'Masters of the Air' Part Six: Tall tales, music, laughter and good Irish whiskey

(Apple TV+)
(Apple TV+)
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The sixth episode of Masters of the Air is the first not to feature aerial combat. Rather, the audience is shown the challenges airmen faced on the ground, both in England and Germany. After getting shot down on the Munster mission, Bucky tries, but fails, to evade capture. Meanwhile, Col. Harding sends Crosby to Oxford to attend an Allied conference and get away from Thorpe Abbotts following Bubbles' death. Similarly, Lt. "Rosie" Rosenthal and his crew are sent to Coombe House, a USAAF Rest Home, to recuperate after being the only crew in the 100th to return from Munster.

<em>The Munster mission took a heavy toll on Rosie's crew (Apple TV+)</em>
The Munster mission took a heavy toll on Rosie's crew (Apple TV+)

For downed airmen, it was and is their duty to evade and/or escape back to friendly lines; if captured, they are permitted to provide their name, rank and serial number as dictated by the Geneva Conventions. On the other hand, captors are obligated to provide care, food, shelter, and ensure the safety of prisoners. However, bombed-out and shell-shocked German civilians cared little for the rules of war and made no distinction between the British RAF's terror, area bombings and the USAAF's precision bombings of military targets. As depicted in Bucky's story, it was not uncommon for German civilians to take revenge on downed Allied airmen, men they considered to be baby killers and terror flyers. German military personnel were disinclined to protect their prisoners from angry mobs and sometimes reported that Allied prisoners who were executed on the ground were simply found dead after bailing out. Such reports were difficult for the Allies to challenge during wartime.

<em>For "Jews from Brooklyn" who didn't ride horses, Rest Homes offered a variety of activities including bike riding (American Air Museum in Britain)</em>
For "Jews from Brooklyn" who didn't ride horses, Rest Homes offered a variety of activities including bike riding (American Air Museum in Britain)

After surviving the angry mob and escaping being buried alive, Bucky winds up "safely" in the hands of the Luftwaffe. At the very least, German officers respected the ranks of their Allied counterparts and treated them better than the Japanese. The Luftwaffe interrogator does his best to loosen Bucky's tongue with a glass of whiskey and talk of baseball. When that doesn't work, the German tries to shock Bucky with the amount of information that he already knows. Both of these tactics are used to convince prisoners to share information, either by accident or thinking that minor details were unimportant or already known by the interrogator. However, Bucky sticks to his training and divulges only that he is a Yankees fan. Still, that personal detail could be used in an interrogation with another member of the 100th down the road.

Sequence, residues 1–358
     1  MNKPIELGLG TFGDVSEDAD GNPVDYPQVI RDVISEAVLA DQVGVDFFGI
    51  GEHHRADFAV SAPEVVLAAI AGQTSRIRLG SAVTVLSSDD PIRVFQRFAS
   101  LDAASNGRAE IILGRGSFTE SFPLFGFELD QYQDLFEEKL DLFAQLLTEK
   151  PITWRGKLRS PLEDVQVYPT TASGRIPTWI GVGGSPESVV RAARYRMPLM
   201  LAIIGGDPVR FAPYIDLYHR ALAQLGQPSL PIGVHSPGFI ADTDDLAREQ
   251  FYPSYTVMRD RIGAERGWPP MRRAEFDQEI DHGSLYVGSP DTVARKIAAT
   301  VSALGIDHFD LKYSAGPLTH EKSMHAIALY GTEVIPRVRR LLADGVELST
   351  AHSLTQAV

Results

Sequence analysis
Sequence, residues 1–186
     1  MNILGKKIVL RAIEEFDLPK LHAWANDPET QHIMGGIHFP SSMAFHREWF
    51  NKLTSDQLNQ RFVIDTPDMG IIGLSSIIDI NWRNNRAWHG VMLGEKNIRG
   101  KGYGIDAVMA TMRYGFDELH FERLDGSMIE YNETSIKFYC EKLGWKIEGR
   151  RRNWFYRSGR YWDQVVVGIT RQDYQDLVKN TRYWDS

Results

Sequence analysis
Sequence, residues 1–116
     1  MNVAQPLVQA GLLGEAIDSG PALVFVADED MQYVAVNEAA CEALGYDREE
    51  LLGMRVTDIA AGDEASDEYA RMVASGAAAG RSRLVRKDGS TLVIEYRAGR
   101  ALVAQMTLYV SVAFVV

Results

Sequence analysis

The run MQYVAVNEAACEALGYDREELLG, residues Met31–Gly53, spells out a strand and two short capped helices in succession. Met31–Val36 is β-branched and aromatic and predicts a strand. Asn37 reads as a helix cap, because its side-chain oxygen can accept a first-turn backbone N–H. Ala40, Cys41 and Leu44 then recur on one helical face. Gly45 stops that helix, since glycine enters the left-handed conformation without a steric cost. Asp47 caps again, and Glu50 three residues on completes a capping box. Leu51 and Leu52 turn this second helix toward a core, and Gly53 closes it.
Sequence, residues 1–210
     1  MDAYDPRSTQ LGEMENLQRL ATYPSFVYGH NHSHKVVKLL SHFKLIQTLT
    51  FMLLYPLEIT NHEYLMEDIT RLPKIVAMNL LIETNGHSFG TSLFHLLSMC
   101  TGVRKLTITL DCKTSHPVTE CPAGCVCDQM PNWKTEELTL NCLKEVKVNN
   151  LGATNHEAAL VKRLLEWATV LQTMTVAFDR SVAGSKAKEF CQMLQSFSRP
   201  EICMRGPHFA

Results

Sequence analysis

<em>Sandra helps Crosby process Bubbles' death with open conversation over a glass of whiskey (Apple TV+)</em>
Sandra helps Crosby process Bubbles' death with open conversation over a glass of whiskey (Apple TV+)

In Oxford, Crosby experiences the conflict between Americans their British hosts. Governments and the Revolutionary War aside, many Brits disliked their American counterparts who were better paid, better dressed, and had no concept of British social convention. This attracted British women who flocked to the Hollywood-esque Americans, further frustrating British men. Despite sharing a common enemy on the battlefield, arguments and fights between Brits and Americans did occur in England. Crosby also finds an ally in British Subaltern Alessandra "Sandra" Westgate of the Auxiliary Territorial Service, the women's branch of the British Army. While friendly and supportive of Crosby, the audience is left wondering about her mysterious occupation; after all, she's definitely not a punter.

<em>Rosie learns that he's a band leader, not a solo performer (Apple TV+)</em>
Rosie learns that he's a band leader, not a solo performer (Apple TV+)

At the flak house, as airmen called Rest Homes, Rosie has trouble settling in. Like Bob Leckie in The Pacific, he wants the doctor to release him. However, while listening to Duke Ellington's "I Let a Song Go out of My Heart," Rosie learns a valuable lesson from Doctor Huston: a leader can't just take care of himself, he has to look out for his team. After a good night's sleep and a relaxing bath that draws parallels to Maj. Dick Winters' pass to Paris in Band of Brothers, Rosie joins his crew for a card game. While swapping stories over poker with other airmen, he learns of the significant impact that his humming of "The Chant" had on his crew on the return from Munster. Even though their Fort was alone in the sky, the men had each other. The loyalty that they had to each other was reason enough to climb back into a B-17 and face the dangers of another mission.

<em>Stalag Luft III held mostly RAF and USAAF officers (reddit.com/wwiipics)</em>
Stalag Luft III held mostly RAF and USAAF officers (reddit.com/wwiipics)

Upon his arrival at Stalag Luft III, a POW camp run by the Luftwaffe, Bucky discovers that other airmen from the 100th survived the Munster mission. Walking into the camp, he's welcomed by "Crank" Cruikshank and Frank Murphy and asks about Buck Cleven. At his 2 o'clock, Bucky is called out by a familiar voice; Buck made it. For Bucky, this was a surprise to be sure, but a welcome one. Having been shot down just two days earlier, Cleven was actually held at the same facility where Egan was interrogated earlier. Similar to the show, Buck welcomed his friend by asking, "What the Hell took you so long?" Despite the reunion with other men from the 100th, Bucky and his comrades now face the challenge of surviving the rest of the war as POWs.